Crisis-Proofing Your Talent Process
Recruiting, Hiring and Managing Teams During a Pandemic or Large-scale Adversity
The global COVID pandemic and worldwide lockdowns have created unprecedented challenges for healthcare hiring managers, administrators, and executives, especially those in need of recruiting new executive and academic talent.
Steve Marsh, CEO of M3 Executive Search, recently presented several tips and guidelines for healthcare organizations to effectively manage and grow their teams during a global crisis such as a pandemic. Mr. Marsh draws from decades of experience recruiting physicians for healthcare clients, as well as building his own search teams, and, most recently, as the founder of M3 Executive Search. Below are his observations of the challenges faced by leaders during these extraordinarily difficult and uncertain times, as well as some of the potential solutions.
In a crisis, Marsh states that organizations typically respond in one of three ways:
- a) Freeze - all forward momentum freezes and the organization ceases to move forward with hiring at all.
- b) Inertia - this is similar to freeze mode, but less intentional - the confusion and uncertainty causes the organization to slow down considerably as they try to navigate new and unusual circumstances created by a major crisis.
- c) Mission-critical hiring - continue to assertively hire for mission critical positions, taking advantage of the available talent on the active market during a trying time.
Which response is the most effective? The organizations who can keep moving forward during a crisis are the ones who come out ahead in recruiting, Marsh says. The organizations that remain frozen or halt hiring operations miss out on the qualified candidates available at a time when there is often much less recruiting competition.
In a crisis, companies must be prepared to adapt and pivot while still moving forward. Recruiting during a crisis may be different than before the crisis, but recruiting can still be successful and effective during challenging times. For example, during the stay-at-home orders, many job interviews are now occurring via online apps like Zoom, Go-to Meeting, or Skype, in order to abide by social distancing rules and travel regulations.
Marsh adds that the majority of his team's placements involve a potential relocation, and therefore community tours are a key component of the hiring process. In today's pandemic-induced environment, however, on-site community tours are now being conducted virtually. "There are many novel approaches that are being born out of this pandemic," Marsh notes. "Our clients are relying heavily on video-conferencing, for example, and even on the clinical side, telemedicine is on the rise too, due to social distancing restrictions." Traditionally, many recruiting clients will send a gift basket to the candidate's hotel upon their arrival to the community for their interview. "Now, our clients will send the gift basket to the candidate's home, instead," he says.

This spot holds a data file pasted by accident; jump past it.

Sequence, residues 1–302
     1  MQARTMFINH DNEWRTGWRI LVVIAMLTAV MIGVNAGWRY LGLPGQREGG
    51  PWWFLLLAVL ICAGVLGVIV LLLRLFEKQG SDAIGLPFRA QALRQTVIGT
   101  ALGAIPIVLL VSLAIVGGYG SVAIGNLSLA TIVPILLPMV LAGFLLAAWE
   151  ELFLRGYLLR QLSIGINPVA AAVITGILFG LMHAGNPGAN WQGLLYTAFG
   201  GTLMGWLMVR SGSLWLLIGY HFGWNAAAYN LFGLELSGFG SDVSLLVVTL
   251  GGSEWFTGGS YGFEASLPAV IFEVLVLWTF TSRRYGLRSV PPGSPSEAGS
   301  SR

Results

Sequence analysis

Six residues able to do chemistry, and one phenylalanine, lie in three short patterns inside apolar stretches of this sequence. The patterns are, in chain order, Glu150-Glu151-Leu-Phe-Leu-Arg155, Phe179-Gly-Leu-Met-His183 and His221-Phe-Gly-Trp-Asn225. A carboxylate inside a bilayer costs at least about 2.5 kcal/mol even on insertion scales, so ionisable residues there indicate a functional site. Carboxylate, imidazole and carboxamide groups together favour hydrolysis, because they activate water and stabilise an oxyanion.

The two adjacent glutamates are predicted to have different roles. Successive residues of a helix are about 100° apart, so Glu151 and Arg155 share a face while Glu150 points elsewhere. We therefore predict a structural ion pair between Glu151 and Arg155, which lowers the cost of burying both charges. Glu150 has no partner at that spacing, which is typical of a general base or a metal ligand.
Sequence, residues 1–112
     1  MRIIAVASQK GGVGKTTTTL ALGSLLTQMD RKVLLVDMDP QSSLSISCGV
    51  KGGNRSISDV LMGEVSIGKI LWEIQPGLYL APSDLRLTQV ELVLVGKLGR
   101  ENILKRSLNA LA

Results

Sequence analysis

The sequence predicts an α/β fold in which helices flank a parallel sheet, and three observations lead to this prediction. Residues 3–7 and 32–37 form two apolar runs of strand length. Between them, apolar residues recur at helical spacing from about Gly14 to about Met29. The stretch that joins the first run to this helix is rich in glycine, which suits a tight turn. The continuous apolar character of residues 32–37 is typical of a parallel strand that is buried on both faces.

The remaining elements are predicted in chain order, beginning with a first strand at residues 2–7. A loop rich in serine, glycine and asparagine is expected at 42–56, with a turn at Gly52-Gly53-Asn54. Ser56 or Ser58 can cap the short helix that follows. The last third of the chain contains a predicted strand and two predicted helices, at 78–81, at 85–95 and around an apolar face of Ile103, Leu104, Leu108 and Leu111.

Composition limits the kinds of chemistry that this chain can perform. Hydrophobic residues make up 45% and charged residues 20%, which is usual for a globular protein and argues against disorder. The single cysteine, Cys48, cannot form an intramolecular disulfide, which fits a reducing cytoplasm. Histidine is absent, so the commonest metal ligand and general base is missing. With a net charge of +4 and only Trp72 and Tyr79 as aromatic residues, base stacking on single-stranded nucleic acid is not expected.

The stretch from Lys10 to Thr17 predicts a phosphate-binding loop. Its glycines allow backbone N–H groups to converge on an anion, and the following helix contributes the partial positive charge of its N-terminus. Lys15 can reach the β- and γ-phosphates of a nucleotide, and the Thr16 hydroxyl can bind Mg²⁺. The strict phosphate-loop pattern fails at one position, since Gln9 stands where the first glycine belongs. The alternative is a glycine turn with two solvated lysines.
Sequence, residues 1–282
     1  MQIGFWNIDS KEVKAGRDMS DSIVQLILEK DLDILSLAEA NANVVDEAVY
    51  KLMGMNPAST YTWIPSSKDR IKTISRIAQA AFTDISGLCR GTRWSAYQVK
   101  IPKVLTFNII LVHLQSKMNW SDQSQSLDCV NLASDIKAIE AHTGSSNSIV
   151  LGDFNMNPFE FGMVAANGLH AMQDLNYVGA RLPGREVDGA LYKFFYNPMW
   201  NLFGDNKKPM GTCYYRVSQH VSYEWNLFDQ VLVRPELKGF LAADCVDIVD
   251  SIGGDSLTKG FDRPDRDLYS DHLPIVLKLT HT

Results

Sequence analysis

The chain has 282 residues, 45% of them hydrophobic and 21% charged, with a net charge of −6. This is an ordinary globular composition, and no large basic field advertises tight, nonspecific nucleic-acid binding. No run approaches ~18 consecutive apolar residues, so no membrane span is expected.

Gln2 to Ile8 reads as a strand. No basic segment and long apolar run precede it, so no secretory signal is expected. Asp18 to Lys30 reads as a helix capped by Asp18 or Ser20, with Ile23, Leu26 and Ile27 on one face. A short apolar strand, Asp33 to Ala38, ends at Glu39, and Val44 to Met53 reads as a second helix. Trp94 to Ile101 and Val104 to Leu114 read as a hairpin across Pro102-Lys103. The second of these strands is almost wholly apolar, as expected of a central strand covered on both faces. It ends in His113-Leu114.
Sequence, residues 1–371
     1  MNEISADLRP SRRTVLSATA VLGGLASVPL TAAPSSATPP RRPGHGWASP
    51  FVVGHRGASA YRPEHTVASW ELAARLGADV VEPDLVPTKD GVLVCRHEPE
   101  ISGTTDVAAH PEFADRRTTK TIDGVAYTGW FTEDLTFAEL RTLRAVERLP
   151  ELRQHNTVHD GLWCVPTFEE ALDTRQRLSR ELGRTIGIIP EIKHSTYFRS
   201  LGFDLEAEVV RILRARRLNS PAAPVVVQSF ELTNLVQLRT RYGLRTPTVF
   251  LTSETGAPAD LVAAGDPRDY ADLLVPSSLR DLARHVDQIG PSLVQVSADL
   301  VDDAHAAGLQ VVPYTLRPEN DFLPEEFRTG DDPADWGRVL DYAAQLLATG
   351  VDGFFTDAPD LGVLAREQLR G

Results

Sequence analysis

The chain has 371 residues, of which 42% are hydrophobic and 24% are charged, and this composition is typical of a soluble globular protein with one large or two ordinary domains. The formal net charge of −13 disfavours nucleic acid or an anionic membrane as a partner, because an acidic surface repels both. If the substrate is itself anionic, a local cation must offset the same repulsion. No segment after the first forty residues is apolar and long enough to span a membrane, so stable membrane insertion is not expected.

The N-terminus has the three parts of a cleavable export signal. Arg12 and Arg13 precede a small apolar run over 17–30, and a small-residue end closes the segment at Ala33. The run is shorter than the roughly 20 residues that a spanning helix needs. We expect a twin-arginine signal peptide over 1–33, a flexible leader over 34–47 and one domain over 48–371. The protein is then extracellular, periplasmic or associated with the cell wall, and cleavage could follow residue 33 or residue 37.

Lean into Core Values
"Now more than ever, it's imperative that companies really lean into their core values and help their associates feel reassured that everything will be okay," Marsh explains. During a crisis, employees at all levels will worry how they will be impacted. If your team members are overwhelmed with fear or worry about 'what will happen to me?' it is difficult for them to be productive in their role and achieve company objectives.
Marsh adds that core values are important all the time, even when things are going well, and therefore they are crucial to the organization's survival during a crisis.
Communication - Manage Expectations
Effective corporate communication is another strategy that is important always and becomes more vital during crisis mode. Communication is paramount for outlining any process changes that will undoubtedly arise due to the crisis at hand, and calming fears during uncertain times.
"Managing expectations is tough but key to helping to minimize any trepidation your team may be experiencing." Marsh says. "Leadership plays a particularly important role in keeping their teams informed, answering questions, being available for conversations, and just helping their team members to stay motivated and roll with the punches during a stressful time."
Keeping leadership and operational rhythms as normal and consistent as possible in times of change or transition is another way to help keep motivation and morale up during a crisis, Marsh adds. "Most people like structure in general, which is why maintaining structure and organization across all departments is beneficial to the productivity of the organization."
- Pay Attention - to cues and signals and messages from team members.
- Share a Positive Message - believe in what you are doing.
- Focus - Stay focused on communicating the strategies for overcoming obstacles.
To connect with Steve Marsh and/or his team to inquire about healthcare executive recruitment consulting, contact us today. Additionally, Steve is available to present a variety of leadership topics to your team or for an event, remotely, or onsite if appropriate.